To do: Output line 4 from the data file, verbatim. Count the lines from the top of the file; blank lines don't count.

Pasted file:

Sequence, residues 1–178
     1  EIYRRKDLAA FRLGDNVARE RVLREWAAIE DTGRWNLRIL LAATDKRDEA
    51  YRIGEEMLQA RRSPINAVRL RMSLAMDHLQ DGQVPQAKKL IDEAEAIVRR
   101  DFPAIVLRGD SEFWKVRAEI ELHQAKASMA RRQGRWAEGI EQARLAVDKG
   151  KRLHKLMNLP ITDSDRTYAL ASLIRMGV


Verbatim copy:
   101  DFPAIVLRGD SEFWKVRAEI ELHQAKASMA RRQGRWAEGI EQARLAVDKG